The result of the rankings is a system based on the quality of the real estate asset, not on rent prices or affordability—an approach that gives the world another way of measuring the rampant costs of living in San Francisco.

In the Atlanta metropolitan area, for example, the average asking rent for one- and two-star apartments was just under $800 a month in the second quarter. For similar units in San Francisco, the price was just under $2,600.

That means, based on standard affordability metrics, that a household needs to earn more than $100,000 a year to afford the rent on the bottom third of the city’s apartments.

What most of these cheap apartments have in common is that they’re old. Developers generally aim new projects at the top of the market; as fresh units hit the market, older apartments get less expensive. About 3 million of the units identified by CoStar as naturally occurring were built in the 1960s and 1970s. That makes sense, since the U.S. built 11 million multifamily units in those two decades. We’ve built only 6 million in the last 20 years.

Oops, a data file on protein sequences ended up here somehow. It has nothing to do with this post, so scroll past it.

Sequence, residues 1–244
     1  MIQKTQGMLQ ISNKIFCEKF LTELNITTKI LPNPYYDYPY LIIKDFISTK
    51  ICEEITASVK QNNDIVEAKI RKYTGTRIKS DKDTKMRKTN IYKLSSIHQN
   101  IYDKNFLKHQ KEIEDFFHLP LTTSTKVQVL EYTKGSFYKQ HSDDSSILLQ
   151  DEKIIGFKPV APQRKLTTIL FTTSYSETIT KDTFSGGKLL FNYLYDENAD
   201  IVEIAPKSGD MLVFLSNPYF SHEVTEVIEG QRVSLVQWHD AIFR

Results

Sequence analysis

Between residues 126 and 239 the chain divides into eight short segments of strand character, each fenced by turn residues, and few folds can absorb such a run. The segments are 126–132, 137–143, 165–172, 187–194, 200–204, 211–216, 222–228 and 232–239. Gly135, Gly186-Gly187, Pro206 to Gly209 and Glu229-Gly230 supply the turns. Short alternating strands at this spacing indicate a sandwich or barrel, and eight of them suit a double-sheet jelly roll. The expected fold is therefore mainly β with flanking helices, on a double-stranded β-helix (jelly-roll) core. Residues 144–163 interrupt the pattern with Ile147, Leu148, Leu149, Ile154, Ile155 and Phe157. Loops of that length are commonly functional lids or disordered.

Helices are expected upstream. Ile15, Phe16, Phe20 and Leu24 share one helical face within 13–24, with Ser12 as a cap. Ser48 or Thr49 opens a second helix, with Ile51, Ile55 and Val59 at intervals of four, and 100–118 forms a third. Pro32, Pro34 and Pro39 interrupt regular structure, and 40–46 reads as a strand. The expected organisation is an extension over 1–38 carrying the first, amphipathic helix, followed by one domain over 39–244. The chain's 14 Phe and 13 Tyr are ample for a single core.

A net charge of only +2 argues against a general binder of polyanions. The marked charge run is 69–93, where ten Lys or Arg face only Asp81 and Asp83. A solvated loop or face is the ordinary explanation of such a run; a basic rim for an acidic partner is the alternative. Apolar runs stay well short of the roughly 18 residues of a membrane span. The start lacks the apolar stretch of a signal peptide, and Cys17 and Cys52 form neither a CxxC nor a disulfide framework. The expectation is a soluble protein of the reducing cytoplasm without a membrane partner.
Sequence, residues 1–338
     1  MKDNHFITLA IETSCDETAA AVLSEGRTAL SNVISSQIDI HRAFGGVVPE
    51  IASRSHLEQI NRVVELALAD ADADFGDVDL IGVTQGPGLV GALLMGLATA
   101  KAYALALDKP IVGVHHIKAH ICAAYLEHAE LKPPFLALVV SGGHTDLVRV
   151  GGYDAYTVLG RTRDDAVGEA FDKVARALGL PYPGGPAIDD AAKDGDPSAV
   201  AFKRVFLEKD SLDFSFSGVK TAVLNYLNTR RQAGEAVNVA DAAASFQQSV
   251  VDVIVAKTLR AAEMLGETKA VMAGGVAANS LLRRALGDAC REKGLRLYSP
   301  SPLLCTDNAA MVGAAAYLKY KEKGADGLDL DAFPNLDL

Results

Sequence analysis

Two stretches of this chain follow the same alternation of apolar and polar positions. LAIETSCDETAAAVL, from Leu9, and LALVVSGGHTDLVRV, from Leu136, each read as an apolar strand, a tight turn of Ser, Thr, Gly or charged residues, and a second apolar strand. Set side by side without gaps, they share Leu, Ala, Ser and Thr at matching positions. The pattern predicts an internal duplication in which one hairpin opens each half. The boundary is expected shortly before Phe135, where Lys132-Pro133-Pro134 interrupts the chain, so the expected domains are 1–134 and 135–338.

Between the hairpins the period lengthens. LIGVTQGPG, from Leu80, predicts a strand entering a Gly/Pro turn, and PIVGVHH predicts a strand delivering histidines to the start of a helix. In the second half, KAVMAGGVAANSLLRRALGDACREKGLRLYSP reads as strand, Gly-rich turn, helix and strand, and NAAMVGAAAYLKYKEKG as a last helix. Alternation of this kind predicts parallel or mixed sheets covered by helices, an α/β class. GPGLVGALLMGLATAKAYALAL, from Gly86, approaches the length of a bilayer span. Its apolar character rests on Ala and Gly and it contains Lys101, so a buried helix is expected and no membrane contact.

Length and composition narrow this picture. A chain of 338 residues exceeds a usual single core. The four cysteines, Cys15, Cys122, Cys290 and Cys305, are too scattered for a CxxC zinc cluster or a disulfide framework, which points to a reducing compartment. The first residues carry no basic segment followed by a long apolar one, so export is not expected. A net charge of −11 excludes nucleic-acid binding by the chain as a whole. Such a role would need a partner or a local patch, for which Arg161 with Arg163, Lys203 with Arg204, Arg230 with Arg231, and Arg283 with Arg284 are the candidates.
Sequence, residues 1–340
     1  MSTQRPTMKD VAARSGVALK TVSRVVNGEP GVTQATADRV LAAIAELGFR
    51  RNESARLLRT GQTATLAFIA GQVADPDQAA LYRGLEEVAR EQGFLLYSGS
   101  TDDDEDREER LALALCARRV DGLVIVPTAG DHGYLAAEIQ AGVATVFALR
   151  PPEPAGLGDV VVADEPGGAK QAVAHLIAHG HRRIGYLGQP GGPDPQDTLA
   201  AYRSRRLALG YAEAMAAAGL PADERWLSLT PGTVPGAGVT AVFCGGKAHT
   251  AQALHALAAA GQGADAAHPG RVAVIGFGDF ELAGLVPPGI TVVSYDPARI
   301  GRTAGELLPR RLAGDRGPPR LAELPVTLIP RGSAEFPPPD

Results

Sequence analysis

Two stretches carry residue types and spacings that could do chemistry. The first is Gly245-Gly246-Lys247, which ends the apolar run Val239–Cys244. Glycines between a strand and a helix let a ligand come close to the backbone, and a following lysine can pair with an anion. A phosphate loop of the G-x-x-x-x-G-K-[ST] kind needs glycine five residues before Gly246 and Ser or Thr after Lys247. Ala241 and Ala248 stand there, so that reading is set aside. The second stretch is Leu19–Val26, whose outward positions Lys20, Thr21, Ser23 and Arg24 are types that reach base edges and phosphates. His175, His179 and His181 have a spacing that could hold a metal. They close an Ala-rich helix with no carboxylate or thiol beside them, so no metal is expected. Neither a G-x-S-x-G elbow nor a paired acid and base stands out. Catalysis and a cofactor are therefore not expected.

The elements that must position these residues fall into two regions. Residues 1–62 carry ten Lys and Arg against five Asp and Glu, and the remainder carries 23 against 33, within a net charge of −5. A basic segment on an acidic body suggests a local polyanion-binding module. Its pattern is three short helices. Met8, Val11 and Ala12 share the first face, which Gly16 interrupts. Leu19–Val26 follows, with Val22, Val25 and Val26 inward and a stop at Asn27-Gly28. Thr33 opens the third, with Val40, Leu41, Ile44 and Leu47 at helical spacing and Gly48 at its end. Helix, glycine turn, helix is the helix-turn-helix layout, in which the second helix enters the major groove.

But the old age of cheap market-rate apartments is a double-edged sword for poor renters. Owners of aging apartments that can’t command high rents don’t have a lot of incentive to make improvements, creating a housing stock that becomes less habitable over time. Cheap apartment units in improving neighborhoods, on the other hand, can be attractive targets for value-add investors—who make repairs and increase rents.

Whether you think that’s a bad thing or not, what seems clear is that the slower pace of construction in the last few decades has baked in a future shortage of affordable units. That may augur a time when the largest source of cheap, unsubsidized housing comes from single-family rental homes.

In the meantime, mission-driven real estate investors have made some efforts to preserve market-rate housing, making modest improvements and keeping rent hikes to a minimum. Those efforts are still new, and they are dwarfed by funding to protect subsidized units. Even if those investors can attract more capital, the best they can do with it is stem the tide.

“We have to figure out how to build more housing, whether it’s a single-family house or an apartment building,” said Hans Nordby, managing director at CoStar Portfolio Strategy. “If we don’t, we’re going to risk boiling down the social stew to rich people and the people who serve them lunch.”